US President Barack Obama looking upset 370.
(photo credit: REUTERS/Larry Downing)
All of us here in Israel welcomed wholeheartedly the announcement by the White House that President Barack Obama will visit Israel next month.
Over the past two years, the president has made critical policy decisions that have enhanced Israel’s security and international standing.
Now, it is my hope that the president will use his upcoming trip not only to meet our political leaders, but to forge a bond with the people of Israel. The best and most appropriate way to do this is to finally pardon Jonathan Pollard and allow him to come home to Israel ahead of the presidential visit in March. This would be not only right an historic wrong, but will also serve to remove an unfortunate stain from an otherwise close American- Israeli relationship.
Earlier in his presidency, the president made a number of decisions that some of us felt were not helpful in terms of our geopolitical standing and strengthening our negotiating position with our neighbors. Thankfully, during the second half of his first term it seems that President Obama began to chart a new course. The Obama administration stood resolutely by Israel’s side at the United Nations as the Palestinians attempted to nullify our signed agreements by forcing a vote on unilateral statehood.
Similarly President Obama has joined the US congress in placing and enforcing biting sanctions that are aimed at curtailing the Iranian nuclear program.
Nevertheless, the feeling persisted here that President Obama has not connected with Israelis on a visceral and emotional level. While the steps the president has taken over the past two years have helped reassure leaders in Israel about the president’s intentions, a pardon for Jonathan Pollard would go a long way in showing the Israeli people where his heart lies.
Many question the necessity of the President of the United States emotionally connecting with the Israeli electorate. After all, they do not elect the president and he does not report to them.
On the other hand, Obama’s predecessors from both American political parties understood that if they want Israel to trust them on matters of grave importance such as the very survival of the Jewish state, then a strong connection must be sustained with the people of Israel.
By inviting Ilan Ramon to take part in a NASA mission Bill Clinton further solidified an already strong bond that he had built with the Israeli people, and George W. Bush was well aware of the significance of his two visits to Israel while we were celebrating 60 years of our independence.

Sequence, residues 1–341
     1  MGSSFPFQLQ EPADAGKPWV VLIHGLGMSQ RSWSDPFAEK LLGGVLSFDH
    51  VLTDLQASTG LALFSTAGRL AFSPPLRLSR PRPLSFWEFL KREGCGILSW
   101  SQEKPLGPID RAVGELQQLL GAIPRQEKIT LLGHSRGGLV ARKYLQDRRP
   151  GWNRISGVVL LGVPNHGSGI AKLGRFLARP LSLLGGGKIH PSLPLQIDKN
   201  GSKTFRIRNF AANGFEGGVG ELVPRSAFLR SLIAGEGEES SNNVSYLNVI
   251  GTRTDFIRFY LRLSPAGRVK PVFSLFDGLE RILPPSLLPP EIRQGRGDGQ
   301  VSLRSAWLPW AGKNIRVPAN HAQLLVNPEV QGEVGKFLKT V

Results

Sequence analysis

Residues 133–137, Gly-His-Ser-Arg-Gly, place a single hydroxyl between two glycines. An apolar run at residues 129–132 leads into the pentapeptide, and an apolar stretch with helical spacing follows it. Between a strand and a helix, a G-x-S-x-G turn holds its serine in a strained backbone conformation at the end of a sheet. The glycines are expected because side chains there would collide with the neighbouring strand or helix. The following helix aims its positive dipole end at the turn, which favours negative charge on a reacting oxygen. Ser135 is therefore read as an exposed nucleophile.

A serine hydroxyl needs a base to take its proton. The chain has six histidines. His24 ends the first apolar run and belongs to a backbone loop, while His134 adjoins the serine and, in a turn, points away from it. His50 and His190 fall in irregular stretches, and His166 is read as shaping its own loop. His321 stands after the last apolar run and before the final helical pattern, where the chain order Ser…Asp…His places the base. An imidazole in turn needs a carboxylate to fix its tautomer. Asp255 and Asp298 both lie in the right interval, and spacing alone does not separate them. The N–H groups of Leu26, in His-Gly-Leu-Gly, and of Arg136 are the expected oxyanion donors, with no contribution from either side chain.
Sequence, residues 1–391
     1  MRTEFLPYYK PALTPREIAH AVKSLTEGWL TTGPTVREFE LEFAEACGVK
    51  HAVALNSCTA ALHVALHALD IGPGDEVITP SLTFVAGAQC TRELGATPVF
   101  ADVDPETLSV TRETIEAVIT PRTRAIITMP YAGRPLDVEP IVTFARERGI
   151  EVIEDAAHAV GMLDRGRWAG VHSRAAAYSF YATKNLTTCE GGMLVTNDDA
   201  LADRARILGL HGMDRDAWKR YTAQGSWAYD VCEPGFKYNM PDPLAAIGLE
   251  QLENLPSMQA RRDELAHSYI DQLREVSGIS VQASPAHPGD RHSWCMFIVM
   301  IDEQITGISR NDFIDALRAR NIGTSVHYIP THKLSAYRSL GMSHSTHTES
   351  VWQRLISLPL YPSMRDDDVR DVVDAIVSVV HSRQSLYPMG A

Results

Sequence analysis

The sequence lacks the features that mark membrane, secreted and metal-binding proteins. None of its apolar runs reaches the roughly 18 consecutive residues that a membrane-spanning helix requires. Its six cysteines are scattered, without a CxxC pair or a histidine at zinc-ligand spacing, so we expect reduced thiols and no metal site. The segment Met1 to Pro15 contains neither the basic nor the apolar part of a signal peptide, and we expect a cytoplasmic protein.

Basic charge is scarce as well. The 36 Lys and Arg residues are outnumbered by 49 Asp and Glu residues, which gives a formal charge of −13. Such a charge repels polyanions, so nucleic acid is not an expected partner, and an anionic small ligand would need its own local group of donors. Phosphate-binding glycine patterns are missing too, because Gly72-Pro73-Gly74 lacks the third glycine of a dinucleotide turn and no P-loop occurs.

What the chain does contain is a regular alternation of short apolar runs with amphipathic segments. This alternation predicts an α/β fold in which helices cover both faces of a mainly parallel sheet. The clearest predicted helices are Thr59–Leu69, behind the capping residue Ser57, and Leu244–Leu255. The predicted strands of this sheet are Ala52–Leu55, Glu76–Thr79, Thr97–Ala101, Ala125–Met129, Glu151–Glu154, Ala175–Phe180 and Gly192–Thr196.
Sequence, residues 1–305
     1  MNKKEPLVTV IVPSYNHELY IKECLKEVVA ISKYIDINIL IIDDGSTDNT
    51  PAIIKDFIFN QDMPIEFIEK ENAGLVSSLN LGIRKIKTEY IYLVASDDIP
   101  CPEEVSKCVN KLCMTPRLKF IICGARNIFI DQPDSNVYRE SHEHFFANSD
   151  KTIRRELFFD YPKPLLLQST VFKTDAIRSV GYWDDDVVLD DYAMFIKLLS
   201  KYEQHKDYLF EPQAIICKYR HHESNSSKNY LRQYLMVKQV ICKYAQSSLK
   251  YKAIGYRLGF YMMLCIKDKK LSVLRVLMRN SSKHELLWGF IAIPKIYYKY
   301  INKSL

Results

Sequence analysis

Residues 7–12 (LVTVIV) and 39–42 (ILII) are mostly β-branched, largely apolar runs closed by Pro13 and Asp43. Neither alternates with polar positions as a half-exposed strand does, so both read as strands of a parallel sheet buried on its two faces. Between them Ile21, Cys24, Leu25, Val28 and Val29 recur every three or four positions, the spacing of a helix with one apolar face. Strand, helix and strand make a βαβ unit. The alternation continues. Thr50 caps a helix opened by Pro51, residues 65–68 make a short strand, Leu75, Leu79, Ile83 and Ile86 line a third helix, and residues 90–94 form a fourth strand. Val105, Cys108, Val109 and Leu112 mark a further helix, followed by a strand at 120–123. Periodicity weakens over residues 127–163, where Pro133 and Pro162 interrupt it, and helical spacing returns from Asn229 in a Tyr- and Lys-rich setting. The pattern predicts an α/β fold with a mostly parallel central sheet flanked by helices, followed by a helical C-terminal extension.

These presidents understood that if they were going to ask Israel to trust the US on the most important matters of national security then they must set the right tone through significant gestures to create good will.
Jonathan Pollard has been imprisoned in the US federal penitentiary system for almost 28 years. It is now clear that in passing information to an American ally about dangerous nations that threatened Israel’s security, Pollard thought he was acting in the best interests of both the United States and Israel.
More importantly, most experts including former senior cabinet ministers and a large number of senators and congressmen now agree that the punishment of a life sentence that Pollard received was hugely disproportionate to the charges for which he pleaded guilty. Even former CIA Director James Woolsey has gone as far as to say “There is absolutely no reason for Pollard to be imprisoned substantially longer than spies from other friendly, allied, and neutral countries.”
I understand that a decision by President Obama to pardon Pollard and release him from prison will not be without controversy. Many within the American defense and intelligence community still inexplicably object to his release. An American political leader said this week in Jerusalem, “A pardon will have minimal blowback in the States but will send a clear and dramatic message to the Israelis.”
I urge my American friends to consider the positive effects this act will achieve.
Not only will this be an act of justice and compassion by the president, but I know for a fact that it will be universally applauded by regular Israelis. Not all Israelis understand fully what Pollard did, and many even go as far as to criticize his actions, but there is virtually unanimous agreement that the time has come to end this saga and relegate it to our collective distant memories. One public poll showed that Israeli sovereignty over our capital Jerusalem, in the mid-90 percentile, had only one issue higher in the public’s opinion: freedom for Jonathan Pollard.
I do not pretend that all disagreements between our two governments will vanish with Pollard’s release. We sometimes differ with the Obama administration on a range of policies; from what is the best way to restart the peace process, to how urgently the world must act to end Iran’s march toward a nuclear bomb. I do know, however, that if President Obama and our American friends plan on asking the Israeli people to have full trust in them for what promises to be a tumultuous four years, bringing Jonathan home would be a just and noble way to do so.
The author is a Knesset Member, the chairman of Word Likud and author of Israel: The Will to Prevail.